New world number three survived a tense two-hole playoff with Angel Cabrera.
Adam Scott sank a 10-foot birdie putt on the second playoff hole Sunday to beat Angel Cabrera and win the 77th Masters, becoming the first Australian golfer to capture the green jacket.
Nine months after making bogeys on the last four holes to squander a British Open lead at Royal Lytham and two years after sharing second at the Masters, the 32-year-old from Adelaide won his first major title in impressive fashion.
“I don’t know how that happened,” Scott said. “It seems a long, long way from a couple years ago, or last July when I was trying to win a major. It was incredible.”
Scott and Cabrera both birdied the 18th hole to finish deadlocked after 72 holes on nine-under par 279. Each parred the hole again to open the playoff and both had birdie putts at the second playoff hole, the par-4 10th.
Cabrera just missed his 12-footer and Scott followed with his winning putt, thrusting his arms into the air with joy after the ball curled into the cup to signal the end of a journey from Down Under to the top of the golf world.
It was Scott’s second celebration after an emotional 20-foot birdie at 18 in regulation that Cabrera matched with a stunning approach to four feet and a birdie putt of his own.
“There was a split second I thought I had won,” Scott admitted. “You never count your chickens. It was time to step up and see how much I wanted it.”
Cabrera, the 2007 US Open and 2009 Masters champion, shared a hug with Scott after the final putt.
“That’s how golf is,” Cabrera said. “I came back. I had my chance to win it. Adam is truly a good winner. He’s a great person and a great player and I’m happy for him.”
Cabrera would have been the second-oldest Masters champion at 43, trailing only Jack Nicklaus winning the 1986 Masters at age 46. The 43-year-old grandfather is ranked 269th in the world.
Australian Jason Day was third on 281, two strokes ahead of world number one Tiger Woods and Aussie Marc Leishman with Denmark’s Thorbjorn Olesen and American Brandt Snedeker sharing sixth on 284.
Woods, a 14-time major champion who has never won a major when he did not at least share the 54-hole lead, has not won a major title since the 2008 US Open and not won the Masters since taking his fourth green jacket in 2005.
The Masters was the only major that no Aussie had won, the Augusta National jinx a painful jinx — now shattered forever — that included three heartbreaking defeats for two-time British Open champion Greg Norman.
Norman took a bogey at the 18th in the 1986 Masters to hand Jack Nicklaus his 18th and last major title. In 1987, Norman lost a Masters playoff when Augusta native Larry Mize holed a miraculous chip shot.
In 1996, Norman suffered the greatest last-round collapse in major golf history, leading by six over Nick Faldo only to lose by five to the Englishman.
“He inspired a nation of golfers,” Scott said. “Part of this definitely belongs to him.”
Scott and Day shared second in 2011, falling short when South African Charl Schwartzel became the first man to birdie the last four holes to win a major.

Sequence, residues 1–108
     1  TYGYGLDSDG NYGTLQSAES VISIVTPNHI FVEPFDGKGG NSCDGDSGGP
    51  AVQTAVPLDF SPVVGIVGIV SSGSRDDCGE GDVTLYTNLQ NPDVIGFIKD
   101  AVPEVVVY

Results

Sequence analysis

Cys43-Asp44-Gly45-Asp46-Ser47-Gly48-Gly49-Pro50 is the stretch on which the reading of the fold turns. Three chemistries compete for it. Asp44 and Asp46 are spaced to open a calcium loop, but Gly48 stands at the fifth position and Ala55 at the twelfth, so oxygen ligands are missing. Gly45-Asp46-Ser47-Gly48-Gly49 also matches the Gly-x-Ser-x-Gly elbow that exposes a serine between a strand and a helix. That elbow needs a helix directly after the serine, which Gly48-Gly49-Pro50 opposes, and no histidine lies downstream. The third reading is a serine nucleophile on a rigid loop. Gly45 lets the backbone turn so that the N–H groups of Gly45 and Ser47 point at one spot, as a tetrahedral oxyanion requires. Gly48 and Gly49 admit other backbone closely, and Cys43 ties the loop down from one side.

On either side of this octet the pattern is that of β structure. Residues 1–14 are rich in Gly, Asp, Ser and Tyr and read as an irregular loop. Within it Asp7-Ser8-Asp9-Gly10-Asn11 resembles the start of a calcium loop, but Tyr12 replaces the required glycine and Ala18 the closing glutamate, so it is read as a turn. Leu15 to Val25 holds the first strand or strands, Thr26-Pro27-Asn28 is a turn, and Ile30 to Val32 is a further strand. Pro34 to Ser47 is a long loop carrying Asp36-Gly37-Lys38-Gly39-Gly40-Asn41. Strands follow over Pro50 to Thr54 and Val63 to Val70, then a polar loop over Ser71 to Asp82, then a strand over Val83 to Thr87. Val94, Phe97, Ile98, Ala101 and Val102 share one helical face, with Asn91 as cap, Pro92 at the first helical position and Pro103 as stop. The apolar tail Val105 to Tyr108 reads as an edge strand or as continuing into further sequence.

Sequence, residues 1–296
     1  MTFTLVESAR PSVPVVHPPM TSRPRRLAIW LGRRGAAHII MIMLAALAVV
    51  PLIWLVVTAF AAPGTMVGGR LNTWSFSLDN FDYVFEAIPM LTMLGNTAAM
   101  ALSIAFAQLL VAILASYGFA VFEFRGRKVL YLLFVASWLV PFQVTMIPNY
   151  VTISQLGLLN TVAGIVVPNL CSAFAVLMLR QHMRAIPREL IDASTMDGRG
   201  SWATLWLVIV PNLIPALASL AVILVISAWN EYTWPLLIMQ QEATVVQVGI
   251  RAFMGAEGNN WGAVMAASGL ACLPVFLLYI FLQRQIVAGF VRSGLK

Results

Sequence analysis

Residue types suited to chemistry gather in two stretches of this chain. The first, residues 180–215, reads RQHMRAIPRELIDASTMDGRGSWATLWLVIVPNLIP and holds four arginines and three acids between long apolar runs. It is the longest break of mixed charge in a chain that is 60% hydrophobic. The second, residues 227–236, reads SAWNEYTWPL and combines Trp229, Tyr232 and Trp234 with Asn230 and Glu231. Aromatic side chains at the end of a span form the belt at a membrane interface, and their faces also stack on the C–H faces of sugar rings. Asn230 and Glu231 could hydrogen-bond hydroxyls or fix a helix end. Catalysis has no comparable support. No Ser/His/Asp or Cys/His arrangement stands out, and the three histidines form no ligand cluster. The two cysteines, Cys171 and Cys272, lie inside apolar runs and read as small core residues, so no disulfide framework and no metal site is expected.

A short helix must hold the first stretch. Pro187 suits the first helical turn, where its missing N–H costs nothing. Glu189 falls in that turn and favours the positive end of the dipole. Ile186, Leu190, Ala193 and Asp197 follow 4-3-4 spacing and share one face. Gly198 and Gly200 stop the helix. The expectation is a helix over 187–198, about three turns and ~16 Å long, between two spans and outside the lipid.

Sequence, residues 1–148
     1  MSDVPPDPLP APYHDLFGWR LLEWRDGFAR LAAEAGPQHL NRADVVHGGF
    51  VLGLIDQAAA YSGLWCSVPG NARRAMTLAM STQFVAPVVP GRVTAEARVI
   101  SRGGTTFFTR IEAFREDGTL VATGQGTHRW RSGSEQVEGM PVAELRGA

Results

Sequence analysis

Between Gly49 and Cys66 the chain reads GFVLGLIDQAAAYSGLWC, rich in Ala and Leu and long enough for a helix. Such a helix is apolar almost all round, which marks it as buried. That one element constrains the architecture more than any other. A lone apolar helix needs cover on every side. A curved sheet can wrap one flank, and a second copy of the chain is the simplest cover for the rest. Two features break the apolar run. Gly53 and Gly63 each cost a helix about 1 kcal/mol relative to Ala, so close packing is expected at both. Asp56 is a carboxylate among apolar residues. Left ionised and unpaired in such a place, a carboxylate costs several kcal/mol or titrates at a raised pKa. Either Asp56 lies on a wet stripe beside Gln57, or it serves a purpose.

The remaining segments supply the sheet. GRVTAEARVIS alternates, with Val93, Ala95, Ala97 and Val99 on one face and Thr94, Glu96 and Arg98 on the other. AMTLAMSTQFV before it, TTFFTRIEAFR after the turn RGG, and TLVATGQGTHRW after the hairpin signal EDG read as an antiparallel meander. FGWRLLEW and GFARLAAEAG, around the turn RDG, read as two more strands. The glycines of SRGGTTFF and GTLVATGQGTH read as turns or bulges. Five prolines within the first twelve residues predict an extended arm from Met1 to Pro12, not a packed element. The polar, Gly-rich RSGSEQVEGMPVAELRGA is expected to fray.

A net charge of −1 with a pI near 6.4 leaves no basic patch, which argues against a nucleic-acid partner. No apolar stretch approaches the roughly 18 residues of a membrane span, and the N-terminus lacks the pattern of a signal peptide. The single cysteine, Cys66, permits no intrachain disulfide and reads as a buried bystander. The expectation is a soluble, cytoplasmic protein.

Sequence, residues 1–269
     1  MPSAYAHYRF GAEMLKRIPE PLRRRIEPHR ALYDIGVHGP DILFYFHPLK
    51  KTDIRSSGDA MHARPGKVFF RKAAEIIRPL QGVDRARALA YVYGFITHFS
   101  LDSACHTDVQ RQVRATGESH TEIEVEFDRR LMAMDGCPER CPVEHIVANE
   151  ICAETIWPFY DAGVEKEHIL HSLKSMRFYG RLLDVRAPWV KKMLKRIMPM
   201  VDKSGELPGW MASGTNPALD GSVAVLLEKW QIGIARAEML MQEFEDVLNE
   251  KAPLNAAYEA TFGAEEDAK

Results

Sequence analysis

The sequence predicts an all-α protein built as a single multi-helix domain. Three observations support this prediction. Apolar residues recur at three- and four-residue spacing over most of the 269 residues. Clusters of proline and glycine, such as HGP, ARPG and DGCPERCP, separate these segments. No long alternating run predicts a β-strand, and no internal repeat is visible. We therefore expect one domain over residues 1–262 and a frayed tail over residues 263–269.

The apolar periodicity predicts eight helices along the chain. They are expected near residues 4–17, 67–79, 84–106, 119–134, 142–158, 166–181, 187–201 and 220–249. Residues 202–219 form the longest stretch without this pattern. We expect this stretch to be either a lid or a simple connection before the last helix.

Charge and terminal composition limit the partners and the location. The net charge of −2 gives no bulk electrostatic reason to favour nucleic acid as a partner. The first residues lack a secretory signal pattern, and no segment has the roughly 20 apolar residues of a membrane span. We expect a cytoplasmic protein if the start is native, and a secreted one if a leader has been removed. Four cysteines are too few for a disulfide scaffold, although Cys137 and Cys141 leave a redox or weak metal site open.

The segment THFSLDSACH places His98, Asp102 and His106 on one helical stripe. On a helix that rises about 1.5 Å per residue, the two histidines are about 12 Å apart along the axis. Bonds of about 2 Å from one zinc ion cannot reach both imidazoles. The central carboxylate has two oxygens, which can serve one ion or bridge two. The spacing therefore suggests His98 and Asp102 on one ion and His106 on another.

Scott, who uses an anchored putting stroke, fired a 69 and Cabrera a 70 in the last round.
Day could only watch Scott and Cabrera make their stunning shots at the 18th hole and ponder what might have been.
A day after closing with back-to-back bogeys, Day opened with a birdie and followed with an eagle at the par-5 second, but stumbled back with bogeys at the par-3 sixth and par-4 ninth.
Day ripped off a run of three birdies in a row starting at the par-5 13th to put himself into the lead, but bogeys at the 16th and 17th left him third after a closing 70.
“It was really tough,” Day said. “Pressure got to me a little bit.”
Woods, fell eight strokes off the lead before making a late charge that came up short, firing a 70 to share fourth.
“I played well,” Woods said. “Unfortunately I just didn’t make enough putts. I certainly had an opportunity. I thought if I shot 65 I could win it outright.”
Bogeys at the fifth and seventh dropped Woods back, but he birdied the ninth and 10th, then the par-5 13th and 15th to reach five under, unable to gain enough ground on the leaders on the wet, undulating greens of Augusta National.
“I had a hard time getting accustomed to the speed,” Woods said. “It was so much slower with the rain. I left every putt short.”
Plenty of Aussie sports fans would welcome the chance for a celebratory pint of two with Scott as well.
“We are a proud sporting country and like to think we are the best at everything,” Scott said. “And this was one thing in golf that we had not been able to achieve.”
Ironically, it’s a New Zealander — Scott’s caddie Steve Williams — who also played a vital role in bringing the Aussies a long-sought Masters triumph.
The final putt came in near-darkness on the tree-shadowed 10th hole on an overcast and gloomy evening.
“I could hardly see the green in the darkness,” Scott said. “I was struggling to read it so I gave Steve the call over. He said, ‘It’s at least two cups (width), it’s going to break more than you think.’ He was my eyes on that putt.”
Scott knew he was having a good day at the par-5 13th hole when his approach hung precariously on the bank of Rae’s Creek but did not fall into the water.
“That was a great break,” Scott said. “Everyone who wins gets those kind of breaks.”
It was a rainy day of grinding at Augusta National with Scott swatting aside every obstacle.
“I just kept plugging away and I didn’t know if it was going to happen through nine, but a good back nine here solves a lot and gives you a chance,” Scott said. “It was just great that everything fell into place for me.”